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    The Association Between Audit Partner Rotation and Audit...
    research summary posted August 31, 2016 by Jennifer M Mueller-Phillips, tagged 01.0 Standard Setting, 01.05 Impact of SOX, 05.0 Audit Team Composition, 05.03 Partner Rotation 
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    Title:
    The Association Between Audit Partner Rotation and Audit Fees: Empirical Evidence from the Australian Market
    Practical Implications:

     The results of the study have important implications for regulators, auditors, and companies. In recent years, audit partner rotation has increased due to mandatory rotation legislation in Australia and has led to increased monetary and social costs. This study identifies the extent to which auditors pass on these costs and the relative bargaining power between an audit firm and a client, which varies across different segments of the market. This study also makes several contributions to existing literature. Specifically, this study informs the debate on the costs and benefits of audit partner rotation by focusing on the financial costs of partner rotation in the form of increased audit fees. Further, this study extends prior research that examines the impact of mandatory and voluntary partner rotation and the association between audit fees and partner rotation in different market segments. In addition, this study informs policy makers and regulators on whether and in which context the costs of audit partner rotation are passed on to clients as increased audit fees.

    Citation:

     Stewart, J., P. Kent and J. Routledge. 2016. The Association Between Audit Partner Rotation and Audit Fees: Empirical Evidence from the Australian Market. Auditing, A Journal of Practice and Theory 35 (2): 181-197.

    Keywords:
    Audit partner rotation, audit fees, voluntary partner rotation, mandatory partner rotation, audit markets
    Purpose of the Study:

     Audit partner rotation has become an accepted practice in many jurisdictions as a means of enhancing audit independence. Both regulators and professional bodies believe that greater auditor independence should lead to improved audit quality and hence improved financial reporting quality. A number of studies have examined the benefits of partner rotation in terms of its impact on audit quality, but these studies have produced mixed results and the benefits of the practice have been questioned. Given the concern that audit partner rotation may not improve audit quality, it is appropriate to consider the impact of partner rotation on audit costs and whether any increased costs are passed on to the client. This study seeks to examine the direct relation between audit fees and partner rotation using data from Australia where mandatory partner rotation after 5 years was introduced in 2006.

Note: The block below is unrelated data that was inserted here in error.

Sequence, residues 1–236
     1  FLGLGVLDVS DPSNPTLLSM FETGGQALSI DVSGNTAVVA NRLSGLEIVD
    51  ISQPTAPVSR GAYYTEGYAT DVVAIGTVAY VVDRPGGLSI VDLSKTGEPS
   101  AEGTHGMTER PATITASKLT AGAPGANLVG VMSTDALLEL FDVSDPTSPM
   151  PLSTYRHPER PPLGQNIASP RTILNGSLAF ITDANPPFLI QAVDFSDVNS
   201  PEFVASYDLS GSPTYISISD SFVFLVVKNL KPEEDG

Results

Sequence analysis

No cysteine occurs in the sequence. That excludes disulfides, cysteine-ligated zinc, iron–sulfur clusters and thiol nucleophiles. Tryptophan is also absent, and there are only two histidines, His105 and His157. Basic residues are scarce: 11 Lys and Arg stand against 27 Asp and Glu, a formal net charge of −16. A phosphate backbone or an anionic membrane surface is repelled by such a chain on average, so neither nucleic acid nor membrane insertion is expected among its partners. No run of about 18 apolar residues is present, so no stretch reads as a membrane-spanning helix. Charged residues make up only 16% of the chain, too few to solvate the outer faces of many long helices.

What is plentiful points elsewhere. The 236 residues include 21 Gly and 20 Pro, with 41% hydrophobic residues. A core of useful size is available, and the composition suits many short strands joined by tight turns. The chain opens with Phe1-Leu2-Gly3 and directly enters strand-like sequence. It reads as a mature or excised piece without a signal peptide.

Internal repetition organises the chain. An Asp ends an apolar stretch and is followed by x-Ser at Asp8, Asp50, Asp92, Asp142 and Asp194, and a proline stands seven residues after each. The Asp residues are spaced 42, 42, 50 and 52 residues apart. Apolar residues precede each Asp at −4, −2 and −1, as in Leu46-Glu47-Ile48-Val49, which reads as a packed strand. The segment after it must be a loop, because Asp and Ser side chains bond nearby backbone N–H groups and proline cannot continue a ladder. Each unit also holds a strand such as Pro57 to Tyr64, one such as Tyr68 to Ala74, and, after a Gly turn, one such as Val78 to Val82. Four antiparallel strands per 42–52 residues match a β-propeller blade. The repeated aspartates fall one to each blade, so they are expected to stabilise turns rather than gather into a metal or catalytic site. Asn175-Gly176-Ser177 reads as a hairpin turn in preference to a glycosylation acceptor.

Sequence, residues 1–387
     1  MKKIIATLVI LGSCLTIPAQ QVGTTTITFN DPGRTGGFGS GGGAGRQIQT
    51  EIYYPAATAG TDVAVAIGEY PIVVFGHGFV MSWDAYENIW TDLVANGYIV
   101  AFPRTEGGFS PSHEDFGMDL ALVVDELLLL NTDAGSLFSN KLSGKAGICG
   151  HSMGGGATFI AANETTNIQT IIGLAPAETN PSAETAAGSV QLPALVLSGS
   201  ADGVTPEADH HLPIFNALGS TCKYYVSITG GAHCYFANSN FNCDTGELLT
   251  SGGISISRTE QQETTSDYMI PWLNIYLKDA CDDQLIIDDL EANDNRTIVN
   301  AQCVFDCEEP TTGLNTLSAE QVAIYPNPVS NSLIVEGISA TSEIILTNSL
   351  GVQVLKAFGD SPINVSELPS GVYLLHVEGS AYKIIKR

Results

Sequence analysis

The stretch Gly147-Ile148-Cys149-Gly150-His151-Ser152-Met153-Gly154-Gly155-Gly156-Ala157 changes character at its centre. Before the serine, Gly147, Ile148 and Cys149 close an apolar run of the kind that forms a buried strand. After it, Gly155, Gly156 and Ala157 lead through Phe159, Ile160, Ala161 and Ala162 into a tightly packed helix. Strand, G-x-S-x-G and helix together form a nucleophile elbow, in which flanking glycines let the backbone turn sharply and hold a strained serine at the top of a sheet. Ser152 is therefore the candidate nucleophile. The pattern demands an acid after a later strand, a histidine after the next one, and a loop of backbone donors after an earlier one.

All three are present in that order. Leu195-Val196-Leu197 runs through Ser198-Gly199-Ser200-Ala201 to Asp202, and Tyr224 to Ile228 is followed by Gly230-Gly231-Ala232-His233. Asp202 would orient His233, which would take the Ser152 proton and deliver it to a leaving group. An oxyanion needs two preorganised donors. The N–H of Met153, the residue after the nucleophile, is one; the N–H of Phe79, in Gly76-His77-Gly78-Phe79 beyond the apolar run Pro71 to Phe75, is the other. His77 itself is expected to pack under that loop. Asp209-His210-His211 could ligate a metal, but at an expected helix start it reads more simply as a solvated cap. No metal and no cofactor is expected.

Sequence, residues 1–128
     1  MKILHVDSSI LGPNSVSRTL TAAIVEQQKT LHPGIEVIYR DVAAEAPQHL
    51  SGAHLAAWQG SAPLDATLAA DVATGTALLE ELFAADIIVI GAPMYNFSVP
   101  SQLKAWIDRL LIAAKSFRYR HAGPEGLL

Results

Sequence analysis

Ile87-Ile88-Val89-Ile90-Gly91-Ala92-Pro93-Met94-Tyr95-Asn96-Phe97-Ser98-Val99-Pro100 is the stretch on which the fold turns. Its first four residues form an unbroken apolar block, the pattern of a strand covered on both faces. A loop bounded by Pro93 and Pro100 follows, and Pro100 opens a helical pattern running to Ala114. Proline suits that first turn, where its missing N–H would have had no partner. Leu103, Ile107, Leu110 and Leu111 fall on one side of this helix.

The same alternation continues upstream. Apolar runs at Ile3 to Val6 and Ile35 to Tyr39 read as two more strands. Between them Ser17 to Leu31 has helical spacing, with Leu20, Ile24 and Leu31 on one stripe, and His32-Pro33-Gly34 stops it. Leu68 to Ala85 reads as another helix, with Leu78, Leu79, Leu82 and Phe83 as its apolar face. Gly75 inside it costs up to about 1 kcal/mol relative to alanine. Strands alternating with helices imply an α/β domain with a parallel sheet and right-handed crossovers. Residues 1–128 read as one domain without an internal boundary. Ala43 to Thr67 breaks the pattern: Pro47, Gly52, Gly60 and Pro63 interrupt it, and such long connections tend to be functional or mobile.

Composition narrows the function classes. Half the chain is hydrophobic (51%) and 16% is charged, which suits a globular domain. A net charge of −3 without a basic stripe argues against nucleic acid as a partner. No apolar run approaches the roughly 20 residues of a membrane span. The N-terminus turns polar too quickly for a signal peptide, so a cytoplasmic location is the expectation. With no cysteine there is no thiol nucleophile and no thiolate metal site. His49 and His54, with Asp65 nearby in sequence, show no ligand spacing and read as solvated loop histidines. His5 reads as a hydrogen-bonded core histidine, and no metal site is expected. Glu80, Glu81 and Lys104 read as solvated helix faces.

Design/Method/ Approach:

     The authors used a sample of publicly traded companies selected from those listed on the Australian Securities Exchange (ASX) in 2007 for this study. Details of audit partner rotation and financial and nonfinancial data were then collected from Morningstar DatAnalysis, Connect 4 Annual Reports Collection, or company annual reports for the years 2007-2010. The authors used this information to evaluate the relation between audit partner rotation and audit fees in the year of rotation and the two years post rotation. The impact of audit partner rotation was examined as either mandatory or voluntary. The data was also examined based on stratification into three groups: large global clients, mid-level clients, and small local clients.

    Findings:

    The results indicate that audit fees are higher in the year of partner rotation and the higher fees persist in the first year post rotation and, to a lesser extent, in the second year post rotation. Further, the results indicate the following:

    • Higher audit fees are associated with both mandatory and voluntary rotations in the year of rotation and with voluntary rotation in the first year post rotation.
    • Stratification of the sample shows that mandatory and voluntary rotations are associated with higher audit fees for the large global segment but only voluntary rotation is associated with higher audit fees for the small local segment. No association between audit fees and rotation was found for the mid-level market segment. 
    Category:
    Audit Team Composition, Standard Setting
    Sub-category:
    Audit Partner Rotation, Impact of SOX